A Classy Film
Overcoming social class barriers in the early 20th century wasnít easy -- either in the United States or Great Britain. The Greatest Game Ever Played takes place during a time when golf was considered a ďgentlemenís sportĒ in both countries, not a game for the working-classes. This involving film tells the true story of an amateur player and former caddy who defeated the reigning British champion in the 1913 U.S. Open, thereby changing attitudes about the sport.
Twenty-year-old Francis Ouimet (Shia LaBeouf) and veteran professional golfer Harry Vardon (Stephen Dillane) square off against each other after all other contestants are eliminated in that landmark tournament. But Ouimet and Vardon arenít enemies. Ironically, both come from humble beginnings, and they respect each other. In fact, Vardon has been Ouimetís idol while growing up. The Greatest Game Ever Played paints each of these men as a hero. Perseverance, talent, and a passion for the game are among their most admirable characteristics.
Delivering performances of great depth and sensitivity, LaBeouf (Holes) and Dillane (Spy Game) are simply splendid here. Who knew LaBeouf could tone down his amusing, exuberant acting to portray such an intense and serious young man? La Beouf draws us into Ouimetís world, and we canít help aching for the character he plays as he struggles with feelings of unworthiness. We gladly cheer him on when he gains the self-confidence needed to achieve his goal. In Dillaneís case, however, there was no doubt in my mind about his ability to bring Vardon to life on screen. Dillane is a very thoughtful and convincing actor. For example, as Vardon, his penetrating looks at his upper-class managers speak volumes about the manís disdain for their elitism.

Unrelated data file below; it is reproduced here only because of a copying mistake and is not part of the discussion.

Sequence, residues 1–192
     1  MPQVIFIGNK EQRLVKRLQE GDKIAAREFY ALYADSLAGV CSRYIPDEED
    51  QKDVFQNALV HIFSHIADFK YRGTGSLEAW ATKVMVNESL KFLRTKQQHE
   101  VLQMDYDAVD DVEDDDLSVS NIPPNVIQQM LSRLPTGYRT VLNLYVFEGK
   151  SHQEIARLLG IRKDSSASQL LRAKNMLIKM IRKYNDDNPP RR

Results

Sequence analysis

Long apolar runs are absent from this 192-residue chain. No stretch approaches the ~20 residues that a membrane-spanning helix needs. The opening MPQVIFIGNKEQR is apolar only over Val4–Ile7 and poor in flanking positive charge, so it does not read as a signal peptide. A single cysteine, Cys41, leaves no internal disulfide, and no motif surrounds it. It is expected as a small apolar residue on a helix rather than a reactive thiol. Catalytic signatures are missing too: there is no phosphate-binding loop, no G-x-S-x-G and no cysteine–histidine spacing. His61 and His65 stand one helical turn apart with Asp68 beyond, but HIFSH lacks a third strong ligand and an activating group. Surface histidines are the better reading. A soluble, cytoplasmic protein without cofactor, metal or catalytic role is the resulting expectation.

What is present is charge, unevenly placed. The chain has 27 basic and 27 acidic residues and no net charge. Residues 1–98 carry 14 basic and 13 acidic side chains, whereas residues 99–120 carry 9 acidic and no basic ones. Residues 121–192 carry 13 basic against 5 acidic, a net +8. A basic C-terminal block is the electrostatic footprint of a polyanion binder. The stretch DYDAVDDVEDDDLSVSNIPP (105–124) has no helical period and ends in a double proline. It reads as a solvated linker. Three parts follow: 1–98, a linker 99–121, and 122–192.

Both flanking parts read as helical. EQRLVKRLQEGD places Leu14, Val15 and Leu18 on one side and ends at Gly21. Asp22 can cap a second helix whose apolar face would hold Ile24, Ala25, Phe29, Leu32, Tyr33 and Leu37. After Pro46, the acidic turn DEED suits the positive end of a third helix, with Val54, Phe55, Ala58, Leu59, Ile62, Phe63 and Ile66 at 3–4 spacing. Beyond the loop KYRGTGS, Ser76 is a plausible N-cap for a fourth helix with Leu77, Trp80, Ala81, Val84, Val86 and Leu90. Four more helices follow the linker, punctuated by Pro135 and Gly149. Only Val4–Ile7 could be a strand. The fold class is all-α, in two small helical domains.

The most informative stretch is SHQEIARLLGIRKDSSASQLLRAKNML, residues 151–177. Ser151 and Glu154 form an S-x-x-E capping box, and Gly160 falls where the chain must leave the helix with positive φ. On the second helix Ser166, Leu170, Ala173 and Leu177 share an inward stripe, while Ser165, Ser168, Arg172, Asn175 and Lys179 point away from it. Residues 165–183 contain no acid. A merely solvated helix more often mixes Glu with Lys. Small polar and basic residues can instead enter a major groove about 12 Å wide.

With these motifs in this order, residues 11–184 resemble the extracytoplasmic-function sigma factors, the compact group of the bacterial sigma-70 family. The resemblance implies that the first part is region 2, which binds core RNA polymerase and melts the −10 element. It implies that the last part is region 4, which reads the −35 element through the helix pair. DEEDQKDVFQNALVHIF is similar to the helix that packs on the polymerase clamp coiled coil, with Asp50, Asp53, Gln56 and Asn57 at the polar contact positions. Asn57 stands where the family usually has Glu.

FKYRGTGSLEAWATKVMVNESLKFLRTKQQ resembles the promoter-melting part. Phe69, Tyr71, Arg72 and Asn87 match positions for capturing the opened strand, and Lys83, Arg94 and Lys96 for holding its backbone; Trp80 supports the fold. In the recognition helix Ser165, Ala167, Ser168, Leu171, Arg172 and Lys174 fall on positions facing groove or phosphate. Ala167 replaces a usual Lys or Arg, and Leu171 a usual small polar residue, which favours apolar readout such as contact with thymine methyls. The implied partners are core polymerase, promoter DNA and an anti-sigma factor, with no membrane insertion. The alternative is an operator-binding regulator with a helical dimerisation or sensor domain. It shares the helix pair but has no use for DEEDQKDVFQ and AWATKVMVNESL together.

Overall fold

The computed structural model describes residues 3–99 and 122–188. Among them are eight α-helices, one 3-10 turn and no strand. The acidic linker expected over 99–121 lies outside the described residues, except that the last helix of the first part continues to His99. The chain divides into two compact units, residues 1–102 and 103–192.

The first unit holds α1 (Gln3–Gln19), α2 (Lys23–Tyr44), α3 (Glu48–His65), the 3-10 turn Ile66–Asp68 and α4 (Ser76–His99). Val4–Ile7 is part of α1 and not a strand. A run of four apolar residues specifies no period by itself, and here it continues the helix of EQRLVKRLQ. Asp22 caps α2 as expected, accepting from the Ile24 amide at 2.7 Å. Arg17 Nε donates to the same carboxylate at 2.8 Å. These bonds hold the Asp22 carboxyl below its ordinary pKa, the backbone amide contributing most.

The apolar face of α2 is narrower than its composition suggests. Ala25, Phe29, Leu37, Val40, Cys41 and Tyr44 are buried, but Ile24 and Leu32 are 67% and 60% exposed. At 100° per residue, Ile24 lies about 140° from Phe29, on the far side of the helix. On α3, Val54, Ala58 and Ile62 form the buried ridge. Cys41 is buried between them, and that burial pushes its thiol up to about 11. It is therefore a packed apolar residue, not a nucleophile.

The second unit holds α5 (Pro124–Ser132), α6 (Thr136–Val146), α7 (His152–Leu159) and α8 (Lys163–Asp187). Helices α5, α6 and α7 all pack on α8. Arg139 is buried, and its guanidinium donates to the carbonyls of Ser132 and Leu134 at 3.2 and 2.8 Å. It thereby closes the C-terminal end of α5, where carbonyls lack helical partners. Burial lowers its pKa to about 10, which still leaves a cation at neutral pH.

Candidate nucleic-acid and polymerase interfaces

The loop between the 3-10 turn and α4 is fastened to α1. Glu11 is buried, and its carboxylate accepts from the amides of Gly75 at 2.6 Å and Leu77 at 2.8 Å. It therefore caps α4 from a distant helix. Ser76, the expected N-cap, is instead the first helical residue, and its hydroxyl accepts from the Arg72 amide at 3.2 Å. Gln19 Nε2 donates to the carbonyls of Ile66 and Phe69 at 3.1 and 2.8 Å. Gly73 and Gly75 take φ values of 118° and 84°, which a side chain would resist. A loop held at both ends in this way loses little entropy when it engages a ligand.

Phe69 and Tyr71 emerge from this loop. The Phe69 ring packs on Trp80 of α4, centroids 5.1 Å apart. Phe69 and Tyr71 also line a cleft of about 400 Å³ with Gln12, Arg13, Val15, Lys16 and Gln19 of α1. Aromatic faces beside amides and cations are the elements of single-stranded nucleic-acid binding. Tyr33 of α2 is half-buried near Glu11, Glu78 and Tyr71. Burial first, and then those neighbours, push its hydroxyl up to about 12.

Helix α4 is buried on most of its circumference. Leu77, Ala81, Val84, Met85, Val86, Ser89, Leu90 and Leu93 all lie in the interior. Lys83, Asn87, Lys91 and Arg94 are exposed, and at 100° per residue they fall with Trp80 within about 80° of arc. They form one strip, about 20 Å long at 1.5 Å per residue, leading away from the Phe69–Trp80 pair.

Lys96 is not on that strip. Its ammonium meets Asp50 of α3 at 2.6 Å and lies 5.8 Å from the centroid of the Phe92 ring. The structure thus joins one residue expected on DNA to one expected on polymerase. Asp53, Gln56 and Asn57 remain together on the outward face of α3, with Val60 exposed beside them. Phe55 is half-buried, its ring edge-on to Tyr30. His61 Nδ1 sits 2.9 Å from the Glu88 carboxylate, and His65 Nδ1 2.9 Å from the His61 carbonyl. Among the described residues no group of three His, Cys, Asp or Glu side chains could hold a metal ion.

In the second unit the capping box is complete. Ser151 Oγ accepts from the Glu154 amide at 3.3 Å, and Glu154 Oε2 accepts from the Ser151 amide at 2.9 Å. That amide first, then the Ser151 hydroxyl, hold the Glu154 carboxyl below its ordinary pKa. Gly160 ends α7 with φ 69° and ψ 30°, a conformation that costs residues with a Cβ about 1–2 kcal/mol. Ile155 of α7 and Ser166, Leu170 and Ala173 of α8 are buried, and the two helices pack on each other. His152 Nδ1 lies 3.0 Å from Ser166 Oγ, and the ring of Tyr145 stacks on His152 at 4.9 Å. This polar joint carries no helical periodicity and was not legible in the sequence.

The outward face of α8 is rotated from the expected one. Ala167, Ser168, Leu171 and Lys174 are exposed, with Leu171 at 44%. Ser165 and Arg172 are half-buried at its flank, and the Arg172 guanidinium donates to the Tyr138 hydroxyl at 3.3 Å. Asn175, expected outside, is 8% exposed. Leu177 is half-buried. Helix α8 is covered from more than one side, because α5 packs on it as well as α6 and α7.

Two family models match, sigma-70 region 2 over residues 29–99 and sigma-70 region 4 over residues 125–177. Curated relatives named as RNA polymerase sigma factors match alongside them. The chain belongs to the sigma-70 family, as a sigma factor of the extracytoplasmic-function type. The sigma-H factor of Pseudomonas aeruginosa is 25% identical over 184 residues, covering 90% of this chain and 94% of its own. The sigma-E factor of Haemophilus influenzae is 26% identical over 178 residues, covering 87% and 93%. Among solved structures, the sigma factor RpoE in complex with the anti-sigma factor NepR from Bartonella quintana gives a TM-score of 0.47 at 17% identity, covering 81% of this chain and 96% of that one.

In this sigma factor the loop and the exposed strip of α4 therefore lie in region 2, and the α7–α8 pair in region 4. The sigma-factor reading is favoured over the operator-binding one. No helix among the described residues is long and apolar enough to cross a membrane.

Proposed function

Other members of the cast -- especially Elias Koteas (Ararat) as Ouimetís disapproving father, Marnie McPhail (Ethel Kennedy in TVís RFK) as his supportive mother, and Josh Flitter as his funny little caddy -- also perform impeccably, but the movie belongs to La Beouf and Dillane. I noticed only one casting error: the actress playing Ouimetís love interest seems too old for him. Why throw in a romance anyway? This film certainly doesnít need one.
Everything about The Greatest Game Ever Played works to evoke the time and place of this story. It has the same authentic feel as Seabiscuit or Cinderella Man. The filmís costumes, sets, art direction and, yes, even those old-fashioned golf clubs, help transport us back to Boston in the 1900s.
Thankfully, because golf isnít the most exciting sport for viewers (I hope my husband doesnít read this; heís watching golf on TV as Iím writing my review), Shane Hurlbutís (Drumline) cinematography livens it up with a variety of creative shots including balls zooming to their destination and the disappearance of everything on the course except the golfer and the hole heís aiming at.
Kudos to director Bill Paxton (Frailty) for pulling all this together so impressively and to writer Mark Frost (Fantastic Four) for adapting his book into a wonderful screenplay. You donít have to be a golf fan to appreciate The Greatest Game Ever Played. Itís a heartfelt movie the whole family can enjoy.
A highlight of the fine DVD bonus items shows real-life Francis Oiumet in a 1963 interview. Although itís a bit of a shock to see an elderly gentleman discussing the famous 1913 U.S. Open after watching young Shia LeBeoufís portrayal, this footage is a treasure. I think Oiumet, America's first golf hero, would be an excellent subject for a movie at any age. Sadly, he passed away in 1967. But his Scholarship Program for Caddies is still going strong.
Other bonus features included are: A View from the Gallery, an enlightening behind-the-scenes look at the making of this classy film; Two Legends and the Greatest Game, which presents more information about Harry Vardon and Francis Ouimet; and audio commentary by director Bill Paxton and writer Mark Frost.
(Released by Walt Disney Home Entertainment and rated ďPGĒ for some brief mild language. Bonus material not rated.)